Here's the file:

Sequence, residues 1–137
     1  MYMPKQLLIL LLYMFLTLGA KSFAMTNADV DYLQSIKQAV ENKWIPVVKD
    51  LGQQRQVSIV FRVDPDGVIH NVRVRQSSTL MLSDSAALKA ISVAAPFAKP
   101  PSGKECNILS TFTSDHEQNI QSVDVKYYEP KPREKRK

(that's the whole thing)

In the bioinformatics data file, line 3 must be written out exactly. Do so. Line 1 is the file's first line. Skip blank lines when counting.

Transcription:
    51  LGQQRQVSIV FRVDPDGVIH NVRVRQSSTL MLSDSAALKA ISVAAPFAKP